Labor Assigner Program for Twin Oaks Community;Labor Assigning and Twin Oaks Community

Dakota, Rowan, School of Engineering and Applied Science, University of Virginia
JACQUES, RICHARD, EN-Engineering and Society, University of Virginia
Brunelle, Nathan, EN-Comp Science Dept PV-Summer & Spec Acad Progs, University of Virginia

This is the end of my time at the University of Virginia. It seems only appropriate that my thesis relates to my start. My thesis is on Twin Oaks Community. I was born and raised there. Twin Oaks is an intentional, egalitarian, and sustainable community. It was founded in the 1960s with the rise of the free love movement and still clings very strongly to those roots. Twin Oaks has about 100 members. My thesis relates to Twin Oaks’s labor scheduling. I’ll first talk about my capstone and then my STS research.

My capstone is a computer program that is designed to automate the labor assigning at Twin Oaks. There is a lot of work that needs to be done at Twin Oaks and organizing that work is time consuming. It takes one person about four days to schedule everyone’s labor. My program would be faster. The core algorithm it uses is a program called max flow. Unfortunately, after working on this project for quite some time, I found that max flow is not sufficient to deal with the incredible flexibility of Twin Oaks’s scheduling. So my capstone is not a fully functioning labor assigner. However, much of the work that I did do will still be beneficial going forward. I conducted fairly extensive interviews with Twin Oakers to find out exactly how the labor assigning worked and what they would like this program to accomplish. That, and much of my code, will be enormously beneficial as I continue working on this project after college. My STS research followed a very similar vain.

My STS research paper is on the history of work scheduling as it pertains to Twin Oaks. It starts with the development of the tools needed for scheduling, and continues with how those tools gained prominence during the industrial revolution. It was also during this time that scheduling became a formal trade and area of study. The paper then talks about Twin Oaks’s scheduling. It describes some of the most significant changes that have happened to it in the 50 years since Twin Oaks was founded. It concludes with a description of my capstone, as it will be yet another change in the history of Twin Oaks’s scheduling.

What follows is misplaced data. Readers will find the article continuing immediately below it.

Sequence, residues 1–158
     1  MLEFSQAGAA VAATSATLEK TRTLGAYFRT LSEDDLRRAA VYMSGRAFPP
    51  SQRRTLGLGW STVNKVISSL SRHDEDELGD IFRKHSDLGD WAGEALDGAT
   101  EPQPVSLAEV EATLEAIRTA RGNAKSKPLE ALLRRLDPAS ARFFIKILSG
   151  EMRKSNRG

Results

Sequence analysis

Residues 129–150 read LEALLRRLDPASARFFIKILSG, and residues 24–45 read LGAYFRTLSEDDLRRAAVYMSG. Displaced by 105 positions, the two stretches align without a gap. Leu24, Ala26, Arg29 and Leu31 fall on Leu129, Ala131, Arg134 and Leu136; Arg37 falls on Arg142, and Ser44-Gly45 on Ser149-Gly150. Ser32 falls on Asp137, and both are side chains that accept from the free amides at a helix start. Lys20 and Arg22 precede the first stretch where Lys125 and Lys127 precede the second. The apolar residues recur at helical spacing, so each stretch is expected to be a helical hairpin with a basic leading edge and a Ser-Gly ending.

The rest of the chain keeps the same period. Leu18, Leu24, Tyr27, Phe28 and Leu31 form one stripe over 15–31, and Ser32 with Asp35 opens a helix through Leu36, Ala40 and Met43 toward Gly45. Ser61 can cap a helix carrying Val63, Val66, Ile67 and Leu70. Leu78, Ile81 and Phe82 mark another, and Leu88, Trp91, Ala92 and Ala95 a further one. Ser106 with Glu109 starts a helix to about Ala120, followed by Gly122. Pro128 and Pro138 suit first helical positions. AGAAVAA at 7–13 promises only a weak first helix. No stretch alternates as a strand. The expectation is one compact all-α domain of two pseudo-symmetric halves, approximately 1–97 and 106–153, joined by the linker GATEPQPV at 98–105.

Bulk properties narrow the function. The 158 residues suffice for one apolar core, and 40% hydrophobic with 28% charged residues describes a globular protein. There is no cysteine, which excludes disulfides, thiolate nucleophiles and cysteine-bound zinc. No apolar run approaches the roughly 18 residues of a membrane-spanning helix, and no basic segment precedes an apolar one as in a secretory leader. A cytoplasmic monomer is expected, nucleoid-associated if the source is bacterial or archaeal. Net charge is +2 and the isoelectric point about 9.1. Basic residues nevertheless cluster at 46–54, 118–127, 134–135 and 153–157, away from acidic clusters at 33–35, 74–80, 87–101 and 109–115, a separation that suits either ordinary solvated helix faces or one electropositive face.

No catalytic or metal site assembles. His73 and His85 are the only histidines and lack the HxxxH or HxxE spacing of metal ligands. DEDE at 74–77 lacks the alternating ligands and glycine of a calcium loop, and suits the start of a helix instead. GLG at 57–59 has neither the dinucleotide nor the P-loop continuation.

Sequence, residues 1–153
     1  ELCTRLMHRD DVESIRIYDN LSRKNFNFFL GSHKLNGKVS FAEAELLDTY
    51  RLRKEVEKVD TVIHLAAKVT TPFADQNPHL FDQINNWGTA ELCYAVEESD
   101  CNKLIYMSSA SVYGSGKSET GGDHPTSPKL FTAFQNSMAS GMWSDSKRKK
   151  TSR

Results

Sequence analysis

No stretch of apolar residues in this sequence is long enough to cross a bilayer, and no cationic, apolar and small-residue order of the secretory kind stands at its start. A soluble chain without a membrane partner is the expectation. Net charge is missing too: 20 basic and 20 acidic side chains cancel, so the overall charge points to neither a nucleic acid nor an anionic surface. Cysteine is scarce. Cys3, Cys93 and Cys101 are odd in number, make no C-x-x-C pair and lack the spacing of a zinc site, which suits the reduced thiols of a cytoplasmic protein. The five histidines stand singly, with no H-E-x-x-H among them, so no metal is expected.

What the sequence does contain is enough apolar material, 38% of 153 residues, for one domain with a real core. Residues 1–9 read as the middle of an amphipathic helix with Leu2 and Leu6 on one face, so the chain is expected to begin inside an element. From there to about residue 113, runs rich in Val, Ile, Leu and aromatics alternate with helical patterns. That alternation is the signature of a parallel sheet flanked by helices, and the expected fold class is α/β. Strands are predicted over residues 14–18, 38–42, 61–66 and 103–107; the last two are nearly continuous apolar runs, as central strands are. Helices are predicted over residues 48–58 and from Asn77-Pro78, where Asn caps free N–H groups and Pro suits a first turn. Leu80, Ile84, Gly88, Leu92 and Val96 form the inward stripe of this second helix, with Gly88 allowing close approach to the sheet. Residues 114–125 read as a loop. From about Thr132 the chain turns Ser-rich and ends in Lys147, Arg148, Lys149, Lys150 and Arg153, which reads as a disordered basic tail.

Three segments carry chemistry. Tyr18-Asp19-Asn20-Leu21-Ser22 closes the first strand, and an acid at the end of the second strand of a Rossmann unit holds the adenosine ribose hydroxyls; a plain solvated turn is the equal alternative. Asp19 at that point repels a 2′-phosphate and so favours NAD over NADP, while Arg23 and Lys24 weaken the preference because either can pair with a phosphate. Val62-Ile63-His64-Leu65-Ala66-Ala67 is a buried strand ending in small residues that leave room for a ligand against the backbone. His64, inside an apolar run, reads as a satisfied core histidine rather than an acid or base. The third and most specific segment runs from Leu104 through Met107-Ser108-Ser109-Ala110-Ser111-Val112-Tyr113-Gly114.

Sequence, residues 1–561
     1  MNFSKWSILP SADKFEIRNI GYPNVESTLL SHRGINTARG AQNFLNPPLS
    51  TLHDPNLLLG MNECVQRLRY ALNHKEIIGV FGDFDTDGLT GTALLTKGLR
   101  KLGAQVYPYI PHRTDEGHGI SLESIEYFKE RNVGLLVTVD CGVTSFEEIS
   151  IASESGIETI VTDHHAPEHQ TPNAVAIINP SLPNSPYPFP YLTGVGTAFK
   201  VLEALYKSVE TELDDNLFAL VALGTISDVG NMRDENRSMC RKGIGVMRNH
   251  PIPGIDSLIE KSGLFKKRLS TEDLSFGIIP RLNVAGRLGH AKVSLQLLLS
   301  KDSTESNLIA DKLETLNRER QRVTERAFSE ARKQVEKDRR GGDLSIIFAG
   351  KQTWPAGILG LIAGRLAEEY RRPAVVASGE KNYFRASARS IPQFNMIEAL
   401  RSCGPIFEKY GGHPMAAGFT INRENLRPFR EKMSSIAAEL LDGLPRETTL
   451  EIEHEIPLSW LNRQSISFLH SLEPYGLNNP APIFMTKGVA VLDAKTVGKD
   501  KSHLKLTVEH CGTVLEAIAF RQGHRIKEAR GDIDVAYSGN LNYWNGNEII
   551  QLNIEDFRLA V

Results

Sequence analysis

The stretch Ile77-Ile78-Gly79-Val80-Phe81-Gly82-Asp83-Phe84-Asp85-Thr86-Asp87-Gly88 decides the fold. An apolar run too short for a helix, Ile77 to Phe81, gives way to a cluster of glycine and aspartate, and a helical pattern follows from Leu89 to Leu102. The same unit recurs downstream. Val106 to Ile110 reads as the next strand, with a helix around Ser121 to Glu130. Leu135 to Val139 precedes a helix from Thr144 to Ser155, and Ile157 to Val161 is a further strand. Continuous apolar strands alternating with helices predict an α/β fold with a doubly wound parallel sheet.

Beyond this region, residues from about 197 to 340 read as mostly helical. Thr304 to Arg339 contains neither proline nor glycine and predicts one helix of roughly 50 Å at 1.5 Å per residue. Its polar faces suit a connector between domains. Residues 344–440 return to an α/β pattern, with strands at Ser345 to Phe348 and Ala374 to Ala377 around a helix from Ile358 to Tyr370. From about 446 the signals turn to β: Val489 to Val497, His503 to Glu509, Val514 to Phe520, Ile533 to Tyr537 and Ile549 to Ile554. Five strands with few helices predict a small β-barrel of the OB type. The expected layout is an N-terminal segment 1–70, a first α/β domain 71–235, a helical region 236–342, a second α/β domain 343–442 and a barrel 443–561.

Doing these two projects together has taught me a lot. One of the main things it’s taught me is that my capstone can inspire change. Growing up at Twin Oaks I always saw our labor system as this immutable object. It had been around for so long and seemed like such a core part of Twin Oaks. But researching Twin Oaks’s history changed that. I learned how much the system has morphed over the years. I learned that big changes were possible, so why couldn’t my program be accepted and used? That’s what I learned from my research project but I also learned a lot from my STS classes in general. I learned that computers and humans are intimately connected, and that a person should not make a program without first considering the human aspect. That’s why I talked to the people of Twin Oaks. I wanted to make sure this was a program they wanted, and to make sure I knew what they wanted it to do. That’s also why I assembled a group of Twin Oakers to help me consider how best this program could serve its members. I think that is the most important takeaway I have from my STS classes: technology is meant to serve people, all people, and if it doesn’t do that then it should not be made. My capstone will serve the people of Twin Oaks. It will not discriminate or marginalize anyone. That is not just a consideration, it’s a core feature.

Finally, I’d like to thank the many people who helped me make my thesis. Thank you Keenan Dakota, my dad, for getting me all the real-world data I needed from Twin Oaks to test my capstone. To the team of Twin Oakers who helped me figure out what features my capstone should have, what it should look like, and how best it can integrate with Twin Oaks, thank you. You are, in no particular order, Kathryn, Summer, Kelpie, Jen, Tony, and Graham. And finally, I’d like to thank Keegan Dunn. Thank you for helping come up with ideas for my STS research paper as well as help me structure and edit it. Also, thank you for pushing me to further my education. Without you I’d probably still be milking cows at Twin Oaks.

BS (Bachelor of Science)
intensional community, Commune, Work scheduler, Day planner

School of Engineering and Applied Sciences

Bachelor of Science in Major Computer Science

Technical Advisor: Nathan Brunelle


Technical Team Members: N/A

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